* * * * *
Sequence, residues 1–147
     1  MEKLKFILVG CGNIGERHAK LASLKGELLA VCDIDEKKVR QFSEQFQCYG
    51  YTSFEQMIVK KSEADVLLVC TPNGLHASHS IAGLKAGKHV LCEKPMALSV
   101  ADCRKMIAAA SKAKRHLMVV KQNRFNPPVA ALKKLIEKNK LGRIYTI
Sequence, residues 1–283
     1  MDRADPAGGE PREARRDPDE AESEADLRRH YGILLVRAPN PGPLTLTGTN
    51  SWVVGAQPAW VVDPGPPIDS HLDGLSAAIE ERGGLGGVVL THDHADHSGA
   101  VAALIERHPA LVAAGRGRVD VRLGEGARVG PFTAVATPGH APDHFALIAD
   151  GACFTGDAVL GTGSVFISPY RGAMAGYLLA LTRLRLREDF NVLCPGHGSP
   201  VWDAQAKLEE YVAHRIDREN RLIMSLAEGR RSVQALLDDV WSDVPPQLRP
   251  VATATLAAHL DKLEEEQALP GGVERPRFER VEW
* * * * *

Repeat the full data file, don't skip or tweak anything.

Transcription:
Sequence, residues 1–147
     1  MEKLKFILVG CGNIGERHAK LASLKGELLA VCDIDEKKVR QFSEQFQCYG
    51  YTSFEQMIVK KSEADVLLVC TPNGLHASHS IAGLKAGKHV LCEKPMALSV
   101  ADCRKMIAAA SKAKRHLMVV KQNRFNPPVA ALKKLIEKNK LGRIYTI
Sequence, residues 1–283
     1  MDRADPAGGE PREARRDPDE AESEADLRRH YGILLVRAPN PGPLTLTGTN
    51  SWVVGAQPAW VVDPGPPIDS HLDGLSAAIE ERGGLGGVVL THDHADHSGA
   101  VAALIERHPA LVAAGRGRVD VRLGEGARVG PFTAVATPGH APDHFALIAD
   151  GACFTGDAVL GTGSVFISPY RGAMAGYLLA LTRLRLREDF NVLCPGHGSP
   201  VWDAQAKLEE YVAHRIDREN RLIMSLAEGR RSVQALLDDV WSDVPPQLRP
   251  VATATLAAHL DKLEEEQALP GGVERPRFER VEW